Prof Finds Solution to Brown Potato Chips

June 27, 2007 - News Release

You can say goodbye to the unpopular brown potato chip, thanks to a University of Guelph scientist who has found an enzyme that ensures potatoes stay golden when cooked.

Food scientist Rickey Yada has discovered an enzyme in a particular potato variety that prevents chips made from cold-stored Ontario potatoes from browning.

“Not very many people like brown chips because they don’t look as appetizing and they taste bitter,” said Yada, who worked with a team of researchers in Guelph’s departments of Food Science and Plant Agriculture. “We’ve basically found an enzyme that prevents the chemical reaction that leads to browning.”

The cold temperatures needed for long-term storage of potatoes cause the starch in spuds to break down into smaller sugar molecules. It’s the reaction between these sugars and the extreme heat of deep frying that causes browning.

“The longer you refrigerate potatoes, the more starch converts to sugar to cause the browning,” Yada said.

He and his team have found an enzyme in a certain variety that allows the potato to be stored at colder temperatures without turning brown. The enzyme helps convert the broken-down sugars into other molecules, reducing the browning effect. Called pyruvate decarboxylase, the enzyme was found in a potato from North Dakota.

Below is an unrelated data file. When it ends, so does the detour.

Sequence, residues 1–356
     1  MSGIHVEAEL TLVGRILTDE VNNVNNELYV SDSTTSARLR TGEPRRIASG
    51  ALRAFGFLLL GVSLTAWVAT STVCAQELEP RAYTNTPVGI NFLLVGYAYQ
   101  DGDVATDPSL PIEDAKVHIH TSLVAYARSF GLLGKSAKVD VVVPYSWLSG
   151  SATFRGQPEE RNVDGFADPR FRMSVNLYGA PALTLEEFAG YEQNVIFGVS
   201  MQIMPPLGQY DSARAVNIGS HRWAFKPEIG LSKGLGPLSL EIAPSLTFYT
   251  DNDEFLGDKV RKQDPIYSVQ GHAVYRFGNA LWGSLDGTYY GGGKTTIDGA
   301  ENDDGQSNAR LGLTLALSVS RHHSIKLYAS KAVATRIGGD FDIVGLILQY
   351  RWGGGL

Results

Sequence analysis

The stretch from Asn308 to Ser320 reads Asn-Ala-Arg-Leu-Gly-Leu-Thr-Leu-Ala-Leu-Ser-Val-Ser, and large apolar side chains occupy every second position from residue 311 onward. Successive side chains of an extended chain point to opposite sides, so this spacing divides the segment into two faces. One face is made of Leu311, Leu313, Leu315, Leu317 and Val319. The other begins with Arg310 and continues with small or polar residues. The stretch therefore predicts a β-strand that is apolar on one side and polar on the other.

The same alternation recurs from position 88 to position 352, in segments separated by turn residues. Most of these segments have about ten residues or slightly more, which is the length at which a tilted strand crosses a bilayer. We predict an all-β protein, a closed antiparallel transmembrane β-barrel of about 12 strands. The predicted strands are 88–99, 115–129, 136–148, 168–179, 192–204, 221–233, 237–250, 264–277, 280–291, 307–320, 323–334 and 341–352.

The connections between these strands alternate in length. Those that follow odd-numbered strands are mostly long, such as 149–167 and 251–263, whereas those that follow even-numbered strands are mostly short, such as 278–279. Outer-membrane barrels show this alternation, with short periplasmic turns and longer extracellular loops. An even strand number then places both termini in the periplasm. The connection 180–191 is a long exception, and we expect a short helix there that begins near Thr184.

Yada said introducing the gene for the enzyme into local potato varieties will enable producers to store them at a lower temperature, allowing for a year-round supply for chip production without the high percentage of browning. This would be a big plus not only for the avid chip eater but also for the $26.8-million chip industry in Ontario. Currently, about 10 to 15 per cent of the potatoes stored for chip production turn brown, according to the Ontario Potato Board.

“Since Ontario chip manufacturers suffer from having just a single harvest season, we can’t keep enough domestic supply and end up importing potatoes from other provinces and the United States,” said Yada. “But if we are able to store potatoes at a lower temperature, then we can store them longer and replace the imported portion with a local supply.”

The researchers are currently working towards introducing the gene for the enzyme into Ontario potato varieties.

Rickey Yada
Department of Food Science
519-824-4120, Ext. 58915

For media questions, contact Communications and Public Affairs: Lori Bona Hunt, 519-824-4120, Ext. 53338, or Deirdre Healey, Ext. 56982.

University of Guelph
50 Stone Road East
Guelph, Ontario, N1G 2W1